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This user asked a similar question but had no viable solution in the answers, so here is am revisiting the topic.

I would like to have emails sent from custom exceptions in a clean way. I can do this easy with plain old errors from a custom error_handler, but with extended exceptions I am a bit stumped.

The main problem is I rely on Zend_Mail to have transparent cross-platform mailing, easy smtp/ssl configuration for gmail account usage and a bunch of other goodies. I would like to access my Zend_Mail object in a custom exception. Static calls are not really an option that I am willing to use, although it seems to be the easiest to use a 3rd party object in a custom exception. Here is the constructer of base exception class:

 public function __construct($message = null, $code = 0,
                             Exception $previous = null);

The only solution I think may be worthwhile at the time being is adding a parameter for mailer object in the extended exception class, yet I do not want to require all subclasses to pass in mailer object. The idea is that maybe this mailer obj. would be better off being an optional dependency.

__construct signature would then become:

      public function __construct($mailobj = null, $message = null, $code = 0,
                                  Exception $previous = null);  

Notice the order of parameters, only $code is required and it is in the middle of the signature! This poses another issue but that is for another day. My question for today is, does anyone have ideas / suggestions on how to deal with dependencies in custom exception classes? Keep in mind we are aiming for testable code.

Another easy option would have been to have the mailing code in a catch block, but that kind of defeats the purpose of using custom exceptions in my opinion, because the client of this class now has to think of adding mailing code in all catch blocks.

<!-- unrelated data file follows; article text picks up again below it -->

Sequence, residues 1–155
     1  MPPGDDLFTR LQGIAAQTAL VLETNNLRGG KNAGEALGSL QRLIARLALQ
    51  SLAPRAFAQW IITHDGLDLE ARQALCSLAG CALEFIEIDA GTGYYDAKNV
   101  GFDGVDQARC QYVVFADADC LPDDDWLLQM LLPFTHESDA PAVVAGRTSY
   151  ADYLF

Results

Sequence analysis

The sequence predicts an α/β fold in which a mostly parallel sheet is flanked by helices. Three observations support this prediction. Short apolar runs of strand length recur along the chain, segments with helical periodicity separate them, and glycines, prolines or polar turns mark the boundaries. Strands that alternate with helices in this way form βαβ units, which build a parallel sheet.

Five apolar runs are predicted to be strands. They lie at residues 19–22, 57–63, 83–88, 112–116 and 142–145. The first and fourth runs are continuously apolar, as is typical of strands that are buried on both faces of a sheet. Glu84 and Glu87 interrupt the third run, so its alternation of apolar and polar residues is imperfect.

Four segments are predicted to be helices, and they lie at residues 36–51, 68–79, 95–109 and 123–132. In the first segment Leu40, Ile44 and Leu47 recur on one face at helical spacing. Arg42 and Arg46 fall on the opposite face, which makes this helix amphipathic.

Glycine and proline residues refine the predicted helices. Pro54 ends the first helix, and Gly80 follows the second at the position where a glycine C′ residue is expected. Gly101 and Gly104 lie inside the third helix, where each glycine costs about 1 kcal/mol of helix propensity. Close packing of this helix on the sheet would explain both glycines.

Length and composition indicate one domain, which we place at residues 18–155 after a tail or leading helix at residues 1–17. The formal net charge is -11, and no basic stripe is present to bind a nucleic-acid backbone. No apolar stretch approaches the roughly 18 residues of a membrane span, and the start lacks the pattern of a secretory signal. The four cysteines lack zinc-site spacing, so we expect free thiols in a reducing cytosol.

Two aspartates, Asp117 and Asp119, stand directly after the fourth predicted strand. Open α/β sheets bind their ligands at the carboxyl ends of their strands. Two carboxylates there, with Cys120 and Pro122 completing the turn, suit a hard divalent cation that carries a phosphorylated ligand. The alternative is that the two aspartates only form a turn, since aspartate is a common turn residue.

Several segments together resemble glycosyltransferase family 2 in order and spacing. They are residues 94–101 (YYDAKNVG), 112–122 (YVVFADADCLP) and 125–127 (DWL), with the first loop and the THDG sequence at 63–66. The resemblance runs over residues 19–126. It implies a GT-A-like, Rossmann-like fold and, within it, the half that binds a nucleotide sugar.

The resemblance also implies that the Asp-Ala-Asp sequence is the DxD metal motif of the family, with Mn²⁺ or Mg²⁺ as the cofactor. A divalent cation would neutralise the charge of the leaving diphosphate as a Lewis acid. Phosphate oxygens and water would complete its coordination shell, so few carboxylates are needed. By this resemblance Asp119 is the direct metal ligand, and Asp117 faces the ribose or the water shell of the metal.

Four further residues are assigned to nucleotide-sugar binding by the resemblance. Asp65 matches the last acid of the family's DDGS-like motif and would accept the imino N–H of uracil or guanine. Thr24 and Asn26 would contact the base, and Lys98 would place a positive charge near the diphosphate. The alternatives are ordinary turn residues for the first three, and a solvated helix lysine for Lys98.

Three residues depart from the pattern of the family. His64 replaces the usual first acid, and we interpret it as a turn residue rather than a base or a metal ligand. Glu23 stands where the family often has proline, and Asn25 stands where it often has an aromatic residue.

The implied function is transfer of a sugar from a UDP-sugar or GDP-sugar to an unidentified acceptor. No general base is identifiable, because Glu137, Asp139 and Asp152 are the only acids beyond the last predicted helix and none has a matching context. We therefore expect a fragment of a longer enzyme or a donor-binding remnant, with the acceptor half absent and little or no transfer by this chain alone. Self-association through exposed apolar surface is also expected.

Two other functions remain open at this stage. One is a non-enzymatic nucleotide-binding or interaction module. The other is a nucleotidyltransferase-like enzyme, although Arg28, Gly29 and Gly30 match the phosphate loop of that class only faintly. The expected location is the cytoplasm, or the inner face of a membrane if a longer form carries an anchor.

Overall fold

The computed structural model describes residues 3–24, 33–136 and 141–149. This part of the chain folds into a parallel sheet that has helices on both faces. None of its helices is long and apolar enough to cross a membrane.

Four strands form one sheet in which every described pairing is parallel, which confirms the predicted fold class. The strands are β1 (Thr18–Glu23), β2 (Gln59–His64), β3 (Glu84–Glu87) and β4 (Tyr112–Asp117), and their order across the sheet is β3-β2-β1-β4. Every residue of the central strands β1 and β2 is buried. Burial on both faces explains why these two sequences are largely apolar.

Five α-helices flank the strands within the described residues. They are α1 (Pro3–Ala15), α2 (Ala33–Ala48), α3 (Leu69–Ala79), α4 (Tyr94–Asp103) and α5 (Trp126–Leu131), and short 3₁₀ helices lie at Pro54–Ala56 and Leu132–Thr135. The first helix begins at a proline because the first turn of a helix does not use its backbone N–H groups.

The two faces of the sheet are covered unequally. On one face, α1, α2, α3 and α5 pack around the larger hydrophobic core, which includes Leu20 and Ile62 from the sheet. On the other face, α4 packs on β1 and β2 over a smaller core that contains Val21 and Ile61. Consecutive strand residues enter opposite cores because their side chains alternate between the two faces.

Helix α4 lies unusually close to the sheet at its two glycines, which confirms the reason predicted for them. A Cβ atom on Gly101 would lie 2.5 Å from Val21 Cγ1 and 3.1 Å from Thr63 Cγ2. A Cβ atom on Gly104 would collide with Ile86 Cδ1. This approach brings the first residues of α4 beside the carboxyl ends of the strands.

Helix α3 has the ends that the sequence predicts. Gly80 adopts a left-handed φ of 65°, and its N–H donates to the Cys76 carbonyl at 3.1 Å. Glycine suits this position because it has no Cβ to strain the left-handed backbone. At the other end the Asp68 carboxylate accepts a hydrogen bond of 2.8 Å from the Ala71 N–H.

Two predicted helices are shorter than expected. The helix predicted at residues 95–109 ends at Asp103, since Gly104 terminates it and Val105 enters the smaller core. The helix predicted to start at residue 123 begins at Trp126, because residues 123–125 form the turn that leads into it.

share|improve this question
up vote 1 down vote accepted

I would approach it like this (am I missing some requirement here?)

class CustomException extends Exception // Zend_Exception?
{
    public function __construct($message = null, $code = 0, Exception $previous = null) {
        $mailobj = new Zend_Mail(/* ... */);
        // ....
        try {  // In order not to get infinitelly looped
            $mailobj->send(/*...*/);
        } catch(Exception $e) { }
    }
}

Whenever this exception is instantiated (i.e. throw new CustomException() ), someone will be receiving an email.

share|improve this answer
    
Hey that is a somewhat interesting option. I am not sure one can throw and catch an exception in an exception though, we'll find out soon enough when I test this. This simple scenario has made me reconsider the value of exceptions, considering how easy this is to do in a plain error handler. Though to be fair I do make use of static variables in the error handler, it still is seems much easier to implement custom error behavior in an error handler than in exceptions. Thanks for your feedback friend. – stefgosselin Jun 3 '11 at 16:04
    
I don't see any reasons why one exception could not internally produce (throw) another exception - at this point it's still a regular code execution. However, in your referenced discussion people were considering __destruct option, where you would have limited abilities, because at that point execution is terminating and you may (I don't know for sure if you would) have limitations like not being able to create new objects (e.g. new Zend_Mail()). However, destructor option has advantage of allowing halting/modification before execution, while here you can't stop the email from being sent – mkilmanas Jun 3 '11 at 18:58
    
I resorted to something very similar to this. The only difference is that I have put the mailer object creation in a seperate function to have a cleaner constructer and more flexibility for errors I want mailed and those I don't. Thanks for the feedback! – stefgosselin Jun 6 '11 at 15:45

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